Another World (Nintendo Switch) Review

By Albert Lichi 26.07.2018

Review for Another World on Nintendo Switch

In 1991, Eric Chahi created what might have been one of the most influential games ever designed. At best, his creation could have been compared to Jordan Mechner's Prince of Persia, which came out a few years earlier, but beneath the obvious comparisons, Another World really was in a league all its own. Like how Alone in the Dark might have been the progenitor of survival-horror, but was popularised and perfected by Resident Evil, Another World perfected the step-based cinematic-platformer. Being about almost a quarter of a century old at this point and having been ported to over 20 platforms at the point of this review (including the 20th Anniversary versions on 3DS and Wii U), does Another World stand the test of time? Is this latest Switch port the definitive way to journey the surreal alien landscapes? Cubed3 becomes Lester Knight...

Another World, or Out of this World, was a cult hit back in the day when it came out. It pushed the envelope with visual storytelling in videogames by relying entirely on visuals and extensive use of rotoscoped animation. At the time, the idea of cut-scenes was extremely novel and a big deal. This was something relegated to games that were on a CD-Rom, yet here comes along Eric Chahi's Another World running on most platforms available in the early 1990s. Over 20 years later, the charm is still there. Most of it works thanks to the lack of overbearing exposition and an enhanced mood that is attributed to the stark soundtrack.

The premise is simple: Lester Knight is a physicist of some kind (possibly building a hadron collider) and during a routine experiment a glitch causes him to be transported to another world. It is a strange alien landscape festooned with deadly predators, traps, and a race of beefy guys in black underwear who run the place. The first moment of actual gameplay puts Lester in extreme danger and, from there on out, everything wants him dead... except for the one inmate alien that can open doors. Another World rarely lets up and is constantly pitting higher and higher stakes against the player that can sometimes border on trial and error. This was a game from a different time when things were designed to prevent people from beating the game in their first try, or in a day. Only by playing Another World several times, dying a lot, and memorising the puzzles will yield a complete session that can clock in at about two hours.

Screenshot for Another World on Nintendo Switch

For some people, the idea of a very linear adventure platformer that is short may not be appealing. It is a combination of things that make up the sum of Another World and why it holds up. The way Lester controls and how he animates in conjunction with the sound design gives the game a very satisfying feeling. Traversing the settings and alien fortress holds many picturesque sights that are immaculately framed, each one either a transitional screen or a puzzle to solve. Checkpoints are far enough to punish the right amount and also close enough to not frustrate - if anything, they are more like chapter breaks within the story. For those who may find the original difficulty too spicy, this remaster has an easy mode that scales back on how many shootouts Lester will get involved with. Enemy accuracy is reduced and there are fewer deadly creatures that can cause a restart.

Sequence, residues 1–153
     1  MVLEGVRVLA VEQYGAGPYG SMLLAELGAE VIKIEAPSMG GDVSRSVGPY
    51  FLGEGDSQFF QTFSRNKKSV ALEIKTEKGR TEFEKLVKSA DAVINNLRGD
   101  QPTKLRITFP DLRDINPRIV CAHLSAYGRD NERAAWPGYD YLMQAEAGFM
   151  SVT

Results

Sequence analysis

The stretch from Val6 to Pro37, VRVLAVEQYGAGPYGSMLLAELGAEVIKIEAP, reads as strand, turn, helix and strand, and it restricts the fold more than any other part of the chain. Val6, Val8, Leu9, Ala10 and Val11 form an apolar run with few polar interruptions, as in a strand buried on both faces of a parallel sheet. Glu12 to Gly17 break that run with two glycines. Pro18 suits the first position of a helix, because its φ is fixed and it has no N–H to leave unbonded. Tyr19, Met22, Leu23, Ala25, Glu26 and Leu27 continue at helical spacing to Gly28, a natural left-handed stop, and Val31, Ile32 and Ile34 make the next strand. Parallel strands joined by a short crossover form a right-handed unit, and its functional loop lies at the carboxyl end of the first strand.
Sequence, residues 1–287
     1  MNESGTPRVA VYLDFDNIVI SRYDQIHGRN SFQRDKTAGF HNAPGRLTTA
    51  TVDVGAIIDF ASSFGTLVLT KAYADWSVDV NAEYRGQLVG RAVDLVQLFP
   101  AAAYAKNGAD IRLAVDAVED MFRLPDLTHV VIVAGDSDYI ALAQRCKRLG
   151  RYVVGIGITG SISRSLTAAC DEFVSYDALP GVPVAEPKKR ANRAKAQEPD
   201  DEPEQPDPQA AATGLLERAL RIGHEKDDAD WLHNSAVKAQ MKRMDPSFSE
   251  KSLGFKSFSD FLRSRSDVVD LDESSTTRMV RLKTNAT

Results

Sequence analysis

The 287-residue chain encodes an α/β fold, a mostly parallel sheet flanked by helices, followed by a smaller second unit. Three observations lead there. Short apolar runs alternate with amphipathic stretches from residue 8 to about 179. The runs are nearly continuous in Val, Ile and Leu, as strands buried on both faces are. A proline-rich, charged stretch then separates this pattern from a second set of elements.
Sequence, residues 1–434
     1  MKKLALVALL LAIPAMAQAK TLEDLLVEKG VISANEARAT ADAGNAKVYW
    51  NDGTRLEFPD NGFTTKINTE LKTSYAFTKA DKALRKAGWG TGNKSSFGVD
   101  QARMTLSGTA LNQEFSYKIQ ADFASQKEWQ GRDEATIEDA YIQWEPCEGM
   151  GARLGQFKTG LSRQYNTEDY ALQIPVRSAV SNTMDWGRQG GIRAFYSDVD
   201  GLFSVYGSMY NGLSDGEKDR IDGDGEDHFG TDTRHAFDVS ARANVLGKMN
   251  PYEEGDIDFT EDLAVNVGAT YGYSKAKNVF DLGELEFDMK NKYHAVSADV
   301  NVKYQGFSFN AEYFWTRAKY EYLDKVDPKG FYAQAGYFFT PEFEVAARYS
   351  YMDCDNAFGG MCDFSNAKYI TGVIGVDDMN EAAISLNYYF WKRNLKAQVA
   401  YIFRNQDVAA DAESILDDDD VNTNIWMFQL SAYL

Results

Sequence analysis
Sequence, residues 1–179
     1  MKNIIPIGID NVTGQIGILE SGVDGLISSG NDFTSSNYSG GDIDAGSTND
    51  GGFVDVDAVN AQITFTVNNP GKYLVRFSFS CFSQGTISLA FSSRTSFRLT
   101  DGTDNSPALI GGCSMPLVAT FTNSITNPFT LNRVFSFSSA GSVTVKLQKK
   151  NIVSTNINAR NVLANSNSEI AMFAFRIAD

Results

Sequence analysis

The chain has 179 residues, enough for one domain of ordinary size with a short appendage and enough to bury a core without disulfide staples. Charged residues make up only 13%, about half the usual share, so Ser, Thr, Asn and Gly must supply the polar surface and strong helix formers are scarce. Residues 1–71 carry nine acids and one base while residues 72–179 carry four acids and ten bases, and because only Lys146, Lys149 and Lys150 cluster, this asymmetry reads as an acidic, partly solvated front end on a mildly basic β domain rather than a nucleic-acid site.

Playing on Nintendo Switch, Another World runs about as well as it possibly could. The graphics can be toggled between the remastered and retro graphics at any moment, and this port supports all soundtrack options. Anyone who wants to get an authentic experience would be better off playing with the classic graphics that Chahi himself crafted and animated. The remastered mode does pack in more detail, but there is something really off about seeing this with sharp vector graphics. It makes the art look like a cheap Flash animation, losing much of the grit and atmosphere. This is from the '90s and it should look like it, not like a browser game from the 2000s. Being that this has been refined and remastered, there have been major technical improvements over the original release. Anyone who grew up playing this on the Super Nintendo would recall that this was one of the few cartridge games that actually had load times. On the Switch, there are no load times between areas at all. Lester controls much more fluidly and responsively than he did back in the day, as well, and now there are various difficulty modes to choose from.

Screenshot for Another World on Nintendo Switch

Cubed3 Rating

Rated 9 out of 10

Exceptional - Gold Award

Rated 9 out of 10

Is Another World a perfect adventure platformer? Who knows! It is, however, the best example of its kind and has served as a blueprint for any designer who has every considered to make a cinematic style game. Chahi was able to convey so much information with so little and he did it by reducing elements that were frivolous and got all the mileage possible from his premise. There is never a moment wasted, not a single instance of filler, and everything moves at a brisk pace, which keeps the adventure exciting from beginning to end. Figures like Hideo Kojima, Suda Goichi, and Fumito Ueda have always been vocal about how Another World inspired them in their own storytelling techniques; it is apparent when playing it. This is adventure gaming distilled down to its most essential elements, compounded with a healthy challenge and atmosphere like no other.


The Digital Lounge




Action Adventure



C3 Score

Rated $score out of 10  9/10

Reader Score

Rated $score out of 10  0 (0 Votes)

European release date Out now   North America release date Out now   Japan release date Out now   Australian release date Out now   


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